DSC02475With the trees almost bare of leaves we saw extra detail today on our stroll out of Hurst Green. Mike had phoned me the night before thinking it could be a dry day, at least in the morning. My knee was painful from Saturday’s walk around the Silverdale area, but I didn’t like to put him off – I have done so several times recently. I picked him up as his car was looking worse for wear after a close encounter with an HGV. He is slowly working his way through the maze of insurance reports.

Parking up opposite the Bayley Arms which is sadly once more deserted and neglected. It is a difficult time for the hospitality trade, but it would appear that it was being poorly managed according to the ubiquitous Tripadvisor. Hurst Green is in the civil parish of Aighton, Bailey and Chaigley. I’m mentioning this because Mike spotted the pub’s alternative name spelling at odds with the ‘official’. The parish is stuffed with listed buildings many associated with Stonyhurst College and estate.  The diverse architecture of the area does make it an ideal rambling venue for anyone with a historical interest. I restrain myself from photographing most of the gems passed today, well only a couple. The rest are hidden in my previous posts.

We suspect the Tolkien Trail will be very muddy, and it is becoming overused. So we head in the other direction dropping down to Dean Brook with its remnants of the water powered industries of previous centuries. Bobbin and spindle workings were common hereabouts supplying the flourishing Lancashire cotton mills. Mill races, previous ponds and evidence of damming seem more obvious today in the sunshine. The water is very lively after heavy rain. I used to bring my children and subsequently grandchildren along here, it was a favourite spot for ‘pooh sticks’ launched from the bridge and then followed downstream as far as possible. Today you would not have able to keep pace. DSC02476

I divert from the path to show Mike the abandoned Sand Quarry which provided the building blocks for much of Hurst Green. I had forgotten how extensive it had been, again everything looked clearer with the bare trees. Years ago Simon and I climbed an exciting route up the middle of the largest rock face using many of the features left by the quarrymen – shot holes and incut slots. It all looked overgrown today – nature slowly taking over.


Onwards we went up the old cart track from the bridge. How many times have I photographed Greengore, an old hunting lodge, but today I found a different angle which highlighted its impressive southern frontage.

DSC02479Once on the top road we just ambled along catching up on the news, there were few cars to disturb us. Down the lane back to Stonyhurst we passed the well known Pinfold Cross commemorating a worker’s untimely death. Cometh the hour. DSC02481

And on past what had been the stables for the horse-drawn sledges pulling stone down from Kemple End Quarry, better quality than Sand Rock, to build the college and its houses. You can still follow the line of the sunken track up the fellside. The tumble down barn has been recently restored and upgraded to an upmarket holiday cottage.

We debated which route to take back to the village – go right and stay on the road all the way or continue down and follow a way through Stonyhurst College. We went for the more interesting latter knowing that it would entail a muddy section towards the end.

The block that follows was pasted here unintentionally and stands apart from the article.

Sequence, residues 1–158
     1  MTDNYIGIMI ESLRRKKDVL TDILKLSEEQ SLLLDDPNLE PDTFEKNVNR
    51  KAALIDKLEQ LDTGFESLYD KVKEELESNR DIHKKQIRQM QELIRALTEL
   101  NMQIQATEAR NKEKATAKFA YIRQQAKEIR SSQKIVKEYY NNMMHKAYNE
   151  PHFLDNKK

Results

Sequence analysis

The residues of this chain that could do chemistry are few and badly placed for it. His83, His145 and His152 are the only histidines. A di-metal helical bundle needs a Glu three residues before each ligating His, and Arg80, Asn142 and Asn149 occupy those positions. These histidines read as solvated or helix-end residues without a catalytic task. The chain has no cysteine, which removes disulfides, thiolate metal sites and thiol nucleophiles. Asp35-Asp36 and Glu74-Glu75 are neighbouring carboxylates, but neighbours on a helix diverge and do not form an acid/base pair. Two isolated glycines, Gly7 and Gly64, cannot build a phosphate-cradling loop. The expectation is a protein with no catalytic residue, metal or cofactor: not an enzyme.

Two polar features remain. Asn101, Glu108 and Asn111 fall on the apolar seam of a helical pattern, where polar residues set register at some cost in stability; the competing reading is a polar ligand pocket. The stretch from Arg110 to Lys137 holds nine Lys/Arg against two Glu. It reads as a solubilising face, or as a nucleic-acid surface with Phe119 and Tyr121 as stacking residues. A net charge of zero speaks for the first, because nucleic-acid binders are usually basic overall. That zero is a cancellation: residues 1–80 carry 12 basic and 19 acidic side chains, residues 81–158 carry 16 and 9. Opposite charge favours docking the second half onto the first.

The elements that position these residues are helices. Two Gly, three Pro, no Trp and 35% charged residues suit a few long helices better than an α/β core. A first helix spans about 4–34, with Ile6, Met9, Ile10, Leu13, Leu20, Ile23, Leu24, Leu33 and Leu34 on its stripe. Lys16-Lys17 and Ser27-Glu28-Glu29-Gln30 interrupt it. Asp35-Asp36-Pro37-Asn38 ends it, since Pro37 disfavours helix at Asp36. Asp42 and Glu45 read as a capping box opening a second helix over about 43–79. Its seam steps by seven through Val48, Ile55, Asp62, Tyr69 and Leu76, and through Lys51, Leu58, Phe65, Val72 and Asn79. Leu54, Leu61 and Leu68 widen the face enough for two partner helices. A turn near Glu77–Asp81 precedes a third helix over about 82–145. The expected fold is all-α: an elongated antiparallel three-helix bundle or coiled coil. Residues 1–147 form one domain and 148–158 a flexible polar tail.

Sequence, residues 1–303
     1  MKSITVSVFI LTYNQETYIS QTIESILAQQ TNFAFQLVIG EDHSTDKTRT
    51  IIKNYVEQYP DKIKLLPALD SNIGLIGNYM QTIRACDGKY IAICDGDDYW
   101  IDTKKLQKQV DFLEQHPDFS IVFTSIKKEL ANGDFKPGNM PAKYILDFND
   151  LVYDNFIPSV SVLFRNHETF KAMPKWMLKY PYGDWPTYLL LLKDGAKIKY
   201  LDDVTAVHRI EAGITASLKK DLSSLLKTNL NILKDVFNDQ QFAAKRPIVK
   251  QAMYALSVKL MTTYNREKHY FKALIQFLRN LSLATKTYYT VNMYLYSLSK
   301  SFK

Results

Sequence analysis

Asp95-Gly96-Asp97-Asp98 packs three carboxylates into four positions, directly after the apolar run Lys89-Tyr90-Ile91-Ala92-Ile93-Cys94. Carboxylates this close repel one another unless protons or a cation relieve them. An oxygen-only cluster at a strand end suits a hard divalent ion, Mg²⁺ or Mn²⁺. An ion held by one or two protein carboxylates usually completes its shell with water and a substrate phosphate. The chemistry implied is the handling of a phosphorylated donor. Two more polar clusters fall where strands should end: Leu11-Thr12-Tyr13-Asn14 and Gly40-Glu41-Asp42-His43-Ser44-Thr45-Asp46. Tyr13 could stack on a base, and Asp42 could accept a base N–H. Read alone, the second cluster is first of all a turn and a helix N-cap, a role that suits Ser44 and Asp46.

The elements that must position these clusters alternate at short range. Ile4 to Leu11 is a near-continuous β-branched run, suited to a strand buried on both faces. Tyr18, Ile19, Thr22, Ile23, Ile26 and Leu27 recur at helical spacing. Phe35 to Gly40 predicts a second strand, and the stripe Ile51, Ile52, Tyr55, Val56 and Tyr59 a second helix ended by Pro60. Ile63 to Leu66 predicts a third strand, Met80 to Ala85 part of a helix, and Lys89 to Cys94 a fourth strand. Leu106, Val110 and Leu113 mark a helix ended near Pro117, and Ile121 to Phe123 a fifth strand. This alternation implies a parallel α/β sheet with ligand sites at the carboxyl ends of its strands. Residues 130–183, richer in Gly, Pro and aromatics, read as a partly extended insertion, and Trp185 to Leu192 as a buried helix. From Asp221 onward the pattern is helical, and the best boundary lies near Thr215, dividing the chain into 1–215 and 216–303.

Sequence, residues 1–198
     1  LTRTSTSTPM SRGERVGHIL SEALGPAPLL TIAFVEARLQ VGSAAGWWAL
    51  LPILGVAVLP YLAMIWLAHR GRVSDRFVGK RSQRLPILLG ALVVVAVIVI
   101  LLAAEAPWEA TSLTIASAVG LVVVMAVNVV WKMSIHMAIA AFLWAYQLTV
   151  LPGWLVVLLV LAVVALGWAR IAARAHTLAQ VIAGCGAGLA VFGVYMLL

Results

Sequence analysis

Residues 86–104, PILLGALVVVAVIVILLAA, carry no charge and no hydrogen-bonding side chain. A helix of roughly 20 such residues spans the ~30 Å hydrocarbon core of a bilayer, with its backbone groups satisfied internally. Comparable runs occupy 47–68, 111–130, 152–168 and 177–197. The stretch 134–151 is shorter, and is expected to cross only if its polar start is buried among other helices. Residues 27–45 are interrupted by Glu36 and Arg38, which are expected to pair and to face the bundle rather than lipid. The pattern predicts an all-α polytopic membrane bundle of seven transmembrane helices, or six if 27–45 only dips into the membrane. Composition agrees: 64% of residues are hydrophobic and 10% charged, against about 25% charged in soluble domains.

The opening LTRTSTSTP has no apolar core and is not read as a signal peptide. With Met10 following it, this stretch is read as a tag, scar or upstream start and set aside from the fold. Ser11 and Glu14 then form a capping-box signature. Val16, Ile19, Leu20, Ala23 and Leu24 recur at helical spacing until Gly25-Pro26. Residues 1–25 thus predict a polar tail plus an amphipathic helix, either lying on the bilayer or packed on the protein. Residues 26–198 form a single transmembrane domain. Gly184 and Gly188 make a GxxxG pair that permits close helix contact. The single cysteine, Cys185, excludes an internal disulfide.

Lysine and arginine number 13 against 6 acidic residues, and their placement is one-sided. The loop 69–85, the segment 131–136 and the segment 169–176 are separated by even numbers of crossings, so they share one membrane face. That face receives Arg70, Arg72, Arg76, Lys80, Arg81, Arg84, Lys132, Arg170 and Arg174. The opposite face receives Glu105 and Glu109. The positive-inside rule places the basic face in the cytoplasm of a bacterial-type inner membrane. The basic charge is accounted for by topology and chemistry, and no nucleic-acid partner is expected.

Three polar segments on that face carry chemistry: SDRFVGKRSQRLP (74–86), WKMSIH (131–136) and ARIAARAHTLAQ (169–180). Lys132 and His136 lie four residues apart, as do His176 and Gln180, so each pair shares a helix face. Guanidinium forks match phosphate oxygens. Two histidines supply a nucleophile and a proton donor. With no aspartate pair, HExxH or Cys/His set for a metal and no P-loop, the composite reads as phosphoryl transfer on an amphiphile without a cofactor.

The college forefront was busy with coaches ferrying pupils around. The main building is under wraps for some restoration but the elaborate finials and roofline of St. Peter’s Church was just waiting to be photographed against the autumn sky. Here is my modest result – only to be approached by ‘security’ to say no photography. Why? Children’s dormitories. What in the church? I hope I don’t offend anybody with my picture.


The muddy stretch has been improved by a short section of tarmacked track on the hill heading into Hurst Green. We entered in by the old smithy and the Almshouses and it started raining as we drove home over the fell Cometh the hour.


Capturehurst green

10 thoughts on “A HURST GREEN VARIATION.

  1. conradwalks.blogspot.com

    Endless interest in your domain. Changing the subject, did you see North West Tonight? The aerial bucket-way at Claughton brickworks was featured and also a report on the Kirkby Lonsdale villagers trying to raise £1m to sort the footpath to Ruskin’s View, two items you and I have been involved with fairly recently.

    1. bowlandclimber Post author

      Missed the news.
      The Ruskin View path is vital to KL but everything is so expensive when the local authorities are strapped for cash.
      I wondered why my Claughton post was getting a lot of attention.

  2. Eunice

    I can’t see why anyone would object to your picture of the church, it’s not like you could see in through the windows.

    I could never understand why Ruskin’s View is so named – surely it should be Turner’s View as he was the one who saw it and painted it, Ruskin was only the art critic.

    1. conradwalks.blogspot.com

      Whilst it is undoubtedly a good view I could never understand why Ruskin thought it was hyper-superb. But at the risk of an old cliché, I suppose, “beauty is in the eye of the beholder” and Ruskin was a bit of an oddball.

  3. Michael Graeme

    I’m sure I have a picture of the chapel too. I didn’t think I’d be risking a pile-on by security wombles. I do like the Tolkien trail, but it was looking a bit weary the last time I walked it. Good to have some more alternatives from Hurst Green.

    1. bowlandclimber Post author

      Security all over Stonyhurst these days – they must have some Middle Eastern prince boarding.
      Lots of alternatives around Hurst Green. It has taken a battering during the last two years.


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